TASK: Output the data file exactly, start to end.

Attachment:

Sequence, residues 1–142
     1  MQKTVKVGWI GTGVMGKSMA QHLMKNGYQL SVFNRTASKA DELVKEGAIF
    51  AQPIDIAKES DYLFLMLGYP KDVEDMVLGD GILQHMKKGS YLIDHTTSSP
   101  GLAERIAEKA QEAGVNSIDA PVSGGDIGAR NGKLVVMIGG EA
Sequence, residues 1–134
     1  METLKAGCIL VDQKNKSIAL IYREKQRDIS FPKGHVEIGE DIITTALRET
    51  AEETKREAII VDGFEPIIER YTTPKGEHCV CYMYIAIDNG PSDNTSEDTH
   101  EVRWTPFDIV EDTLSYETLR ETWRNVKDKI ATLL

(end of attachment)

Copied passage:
Sequence, residues 1–142
     1  MQKTVKVGWI GTGVMGKSMA QHLMKNGYQL SVFNRTASKA DELVKEGAIF
    51  AQPIDIAKES DYLFLMLGYP KDVEDMVLGD GILQHMKKGS YLIDHTTSSP
   101  GLAERIAEKA QEAGVNSIDA PVSGGDIGAR NGKLVVMIGG EA
Sequence, residues 1–134
     1  METLKAGCIL VDQKNKSIAL IYREKQRDIS FPKGHVEIGE DIITTALRET
    51  AEETKREAII VDGFEPIIER YTTPKGEHCV CYMYIAIDNG PSDNTSEDTH
   101  EVRWTPFDIV EDTLSYETLR ETWRNVKDKI ATLL